He brought me in and parked me over in a nice spot, and it was great, Harrington said. He came on over to say hello and have a chat, and Im feeling quite up there ' chest out, Oh, this is great ' and after a couple of seconds of conversation, I realize he thinks Im off the X-Factor.
 
That would be the Irish version of American Idol.
 
I still got the car park space, though, Harrington said. You can always be brought down to earth.
 

 
PERSPECTIVE IN ORDER: U.S. Amateur champion Danny Lee became the youngest winner of a European Tour event last week when he captured the Johnnie Walker Classic in Australia against a field that included Anthony Kim and Lee Westwood.
 
Players gush over his ability, but this isnt the first time a teenager has won a big event.
 
Ten years ago, Aaron Baddeley was an 18-year-old amateur when he won the Australian Open. He was paired in the final round with Colin Montgomerie, who had just won his seventh Order of Merit in Europe. In the group ahead was Greg Norman, the year before the Shark nearly won the Masters.
 
Ten years later, Baddeley has two PGA Tour victories and has never been ranked higher than No. 16 in the world.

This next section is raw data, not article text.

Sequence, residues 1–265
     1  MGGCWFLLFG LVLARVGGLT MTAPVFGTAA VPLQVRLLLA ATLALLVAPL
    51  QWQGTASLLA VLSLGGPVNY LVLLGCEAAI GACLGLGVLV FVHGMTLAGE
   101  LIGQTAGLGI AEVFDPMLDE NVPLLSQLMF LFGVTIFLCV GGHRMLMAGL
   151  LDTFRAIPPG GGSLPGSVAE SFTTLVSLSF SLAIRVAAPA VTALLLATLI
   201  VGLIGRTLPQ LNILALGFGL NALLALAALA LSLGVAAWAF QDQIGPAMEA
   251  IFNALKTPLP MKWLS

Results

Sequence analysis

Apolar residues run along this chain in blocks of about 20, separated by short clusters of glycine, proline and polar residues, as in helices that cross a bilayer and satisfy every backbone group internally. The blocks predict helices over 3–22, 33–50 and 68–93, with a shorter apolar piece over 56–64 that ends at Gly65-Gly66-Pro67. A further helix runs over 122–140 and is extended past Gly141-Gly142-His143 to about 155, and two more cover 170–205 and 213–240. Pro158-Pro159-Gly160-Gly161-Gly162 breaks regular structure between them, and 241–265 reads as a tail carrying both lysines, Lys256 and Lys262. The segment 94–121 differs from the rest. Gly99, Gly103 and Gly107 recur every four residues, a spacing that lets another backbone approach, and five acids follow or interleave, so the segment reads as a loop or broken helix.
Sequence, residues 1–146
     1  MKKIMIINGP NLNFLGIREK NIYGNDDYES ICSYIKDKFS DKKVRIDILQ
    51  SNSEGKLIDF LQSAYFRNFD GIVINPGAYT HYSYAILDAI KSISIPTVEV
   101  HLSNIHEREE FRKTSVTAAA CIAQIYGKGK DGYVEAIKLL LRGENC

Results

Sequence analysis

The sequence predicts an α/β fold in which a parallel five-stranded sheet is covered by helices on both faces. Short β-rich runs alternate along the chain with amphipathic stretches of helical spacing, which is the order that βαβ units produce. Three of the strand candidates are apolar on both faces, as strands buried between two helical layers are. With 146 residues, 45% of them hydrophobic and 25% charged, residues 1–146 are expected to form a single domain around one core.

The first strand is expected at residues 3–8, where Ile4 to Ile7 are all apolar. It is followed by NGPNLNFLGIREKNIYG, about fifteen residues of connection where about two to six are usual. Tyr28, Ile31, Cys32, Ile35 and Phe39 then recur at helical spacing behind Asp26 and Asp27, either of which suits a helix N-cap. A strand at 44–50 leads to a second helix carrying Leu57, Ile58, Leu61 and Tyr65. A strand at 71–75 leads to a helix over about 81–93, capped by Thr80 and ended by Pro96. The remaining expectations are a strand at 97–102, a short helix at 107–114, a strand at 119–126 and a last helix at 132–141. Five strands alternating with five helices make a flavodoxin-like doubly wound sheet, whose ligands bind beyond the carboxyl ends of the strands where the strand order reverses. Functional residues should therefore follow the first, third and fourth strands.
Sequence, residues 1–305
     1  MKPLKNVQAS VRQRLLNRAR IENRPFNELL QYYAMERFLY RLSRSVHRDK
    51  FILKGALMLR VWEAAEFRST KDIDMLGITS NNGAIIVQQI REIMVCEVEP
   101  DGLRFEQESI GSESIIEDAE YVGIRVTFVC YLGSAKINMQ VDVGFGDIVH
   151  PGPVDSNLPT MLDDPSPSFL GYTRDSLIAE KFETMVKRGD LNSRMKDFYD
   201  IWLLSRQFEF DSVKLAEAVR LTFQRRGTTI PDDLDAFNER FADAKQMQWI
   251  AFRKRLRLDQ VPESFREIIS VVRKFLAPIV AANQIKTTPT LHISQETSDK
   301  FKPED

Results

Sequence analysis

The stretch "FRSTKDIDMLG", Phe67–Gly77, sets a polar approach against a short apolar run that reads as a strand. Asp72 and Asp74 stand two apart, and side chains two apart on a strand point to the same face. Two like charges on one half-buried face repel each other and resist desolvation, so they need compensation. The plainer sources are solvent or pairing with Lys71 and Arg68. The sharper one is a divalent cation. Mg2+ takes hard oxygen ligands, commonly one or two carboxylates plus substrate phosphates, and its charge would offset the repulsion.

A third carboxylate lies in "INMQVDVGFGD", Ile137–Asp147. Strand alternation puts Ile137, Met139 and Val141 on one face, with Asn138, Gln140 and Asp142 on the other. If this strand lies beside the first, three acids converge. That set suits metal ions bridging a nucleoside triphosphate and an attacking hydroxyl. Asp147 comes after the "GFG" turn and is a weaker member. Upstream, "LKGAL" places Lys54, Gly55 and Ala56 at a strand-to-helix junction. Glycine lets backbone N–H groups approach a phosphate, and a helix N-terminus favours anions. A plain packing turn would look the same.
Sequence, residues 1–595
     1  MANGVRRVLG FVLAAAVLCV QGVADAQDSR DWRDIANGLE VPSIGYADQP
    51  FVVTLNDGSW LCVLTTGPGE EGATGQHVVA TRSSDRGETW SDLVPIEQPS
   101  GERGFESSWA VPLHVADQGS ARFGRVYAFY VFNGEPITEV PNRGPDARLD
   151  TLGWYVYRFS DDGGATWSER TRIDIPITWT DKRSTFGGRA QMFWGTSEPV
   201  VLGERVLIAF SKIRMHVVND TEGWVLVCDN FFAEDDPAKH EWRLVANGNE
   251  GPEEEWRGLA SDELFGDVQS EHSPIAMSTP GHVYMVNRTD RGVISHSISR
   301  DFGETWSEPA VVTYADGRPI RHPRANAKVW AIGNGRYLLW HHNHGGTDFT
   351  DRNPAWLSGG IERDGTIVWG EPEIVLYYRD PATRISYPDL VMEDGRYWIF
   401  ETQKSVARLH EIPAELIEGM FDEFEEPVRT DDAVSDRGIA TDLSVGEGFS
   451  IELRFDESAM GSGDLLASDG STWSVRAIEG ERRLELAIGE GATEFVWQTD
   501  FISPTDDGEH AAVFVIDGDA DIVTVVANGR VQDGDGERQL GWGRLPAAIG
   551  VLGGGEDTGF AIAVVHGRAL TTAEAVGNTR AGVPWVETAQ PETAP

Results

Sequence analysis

Lee may turn out to be among the best in the world, but it takes time to reach those conclusions.
 

 
DIVOTS: While the top 64 in the world ranking are in Arizona, the Mayakoba Golf Classic in Mexico managed to pick off 16 of the next 125 for the opposite-field event. The USGA has selected Tom Morris of St. Andrews: The Colossus of Golf, 1821-1908 as the recipient of the Herbert Warren Book Award for 2008. Written by David Malcolm and Peter E. Crabtree, it studies the life of Old Tom Morris and his influence on St. Andrews. Tiger Woods is 6-3 against Australians in match play as a pro.
 

 
STAT OF THE WEEK: Stuart Appleby is the only player to have competed in every World Golf Championship.
 

 
FINAL WORD: This Wednesday is different. We only have one partner, not four. ' Stephen Ames at the Accenture Match Play Championship, which begins on the day usually set aside for pro-ams.
 

Note: Tiger Woods' return can be seen live on Golf Channel Wednesday at 1 p.m. ET.
 
Related Links:
  • Full Coverage ' Tiger's Return
  • Match Play Bracket
  • Match Play Bracket Challenge
  • Full Coverage ' WGC-Accenture Match Play Championship
  • Woods' wife gives birth to son Charlie Axel
  • Open Qualifying Series kicks off with Aussie Open

    By Golf Channel DigitalNovember 21, 2017, 4:24 pm

    The 147th Open is nearly eight months away, but there are still major championship berths on the line this week in Australia.